Most of them won’t return my emails. There’s been legal action. These editors play fast and loose with the term “stalker.”
The squeaky wheel gets the book contract.
Today we’re celebrating your most recent book, Star of the Party: The Solar System Celebrates! Where did this book begin for you? I mean, what was your initial idea?
I’d read that the sun was 4.6 billion years old, and I thought, that star deserves a birthday party! What if the planets in the solar system planned one in appreciation? This book is, of course, in the category of informational fiction, not non-fiction. So though I had to understand the facts, and get them right, I also got to anthropomorphize the planets and give them speech balloons, and build a story around them. Sometimes, when I read about astronomy, it seems vast and complicated. Do young readers ever feel that way? I thought it might help to make the story cozy, limit it to our solar system. In certain ways, our solar system is not unlike a family. And the personality traits ascribed to the planets might help readers remember some of the facts. Jupiter? He’s a bulky braggadocio. Because he’s the biggest planet, a gas giant!
Yes, I was proud to see that you were able to work a fart joke into the book.
I put it in for you, Jimmy. And for all the fart-joke lovers out there.
To be clear, I don’t believe anyone has ever farted in one of my books. Or burped. My characters do projectile vomit from time to time. That’s been known to happen. Always hilarious, the gushing firehouse of spew. So, hey, Pluto didn’t get an invite to the party?
He did get an invite, but he’s at the kids’ table. Is Pluto a planet? There’s still disagreement. One of the challenges of writing about the solar system is that the information is always changing and shifting, and will continue to do so after the book gets published. After this manuscript was acquired, astronomers discovered more moons for both Jupiter and Saturn. And since that information figured prominently in the story, I not only had to update the numbers, I also had to fiddle with the story. Thankfully, that happened before publication. But that’s the challenge when you’re dealing with non- fiction content. Years ago, I wrote a book about punctuation, Greedy Apostrophe: A Cautionary Tale. Regina was my editor and she corrected one of my punctuation facts in her notes. I challenged her and referred her to Chicago Manual of Style. But she pointed out that a newer edition had recently been published. So even punctuation rules change!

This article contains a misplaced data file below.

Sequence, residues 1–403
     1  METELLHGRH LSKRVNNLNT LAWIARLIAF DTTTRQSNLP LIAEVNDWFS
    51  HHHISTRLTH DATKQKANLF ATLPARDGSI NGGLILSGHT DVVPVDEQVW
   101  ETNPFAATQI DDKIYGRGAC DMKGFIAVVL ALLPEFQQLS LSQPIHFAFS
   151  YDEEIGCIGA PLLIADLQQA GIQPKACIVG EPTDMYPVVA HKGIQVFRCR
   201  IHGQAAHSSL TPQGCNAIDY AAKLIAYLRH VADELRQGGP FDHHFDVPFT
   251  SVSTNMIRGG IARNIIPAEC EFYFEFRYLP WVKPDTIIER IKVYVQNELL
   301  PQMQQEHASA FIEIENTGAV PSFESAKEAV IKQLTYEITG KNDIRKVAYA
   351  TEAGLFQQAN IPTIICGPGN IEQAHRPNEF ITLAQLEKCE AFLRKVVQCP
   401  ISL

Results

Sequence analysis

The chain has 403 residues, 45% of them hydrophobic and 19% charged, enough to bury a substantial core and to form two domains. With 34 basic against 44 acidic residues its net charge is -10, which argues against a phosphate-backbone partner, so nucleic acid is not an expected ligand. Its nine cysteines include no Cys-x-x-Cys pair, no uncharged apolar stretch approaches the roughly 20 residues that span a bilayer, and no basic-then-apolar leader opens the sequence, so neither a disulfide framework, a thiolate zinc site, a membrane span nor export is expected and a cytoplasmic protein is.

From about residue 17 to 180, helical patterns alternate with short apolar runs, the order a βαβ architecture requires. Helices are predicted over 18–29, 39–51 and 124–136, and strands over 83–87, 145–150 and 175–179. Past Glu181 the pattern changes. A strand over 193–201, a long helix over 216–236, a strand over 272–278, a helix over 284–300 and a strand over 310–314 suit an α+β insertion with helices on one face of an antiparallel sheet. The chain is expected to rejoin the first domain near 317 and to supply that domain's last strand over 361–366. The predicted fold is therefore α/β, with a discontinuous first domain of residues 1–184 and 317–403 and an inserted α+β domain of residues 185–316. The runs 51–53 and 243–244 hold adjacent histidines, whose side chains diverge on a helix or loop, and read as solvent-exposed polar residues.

Uh-oh, let’s hope that Regina never comes across this blog! We’re a little lax with typos and minor errors here at James Preller Corporate. Tell me, Jan. When you wrote Star, did you have a vision for how in the world someone would illustrate it? Or did you just think, “Not my problem!”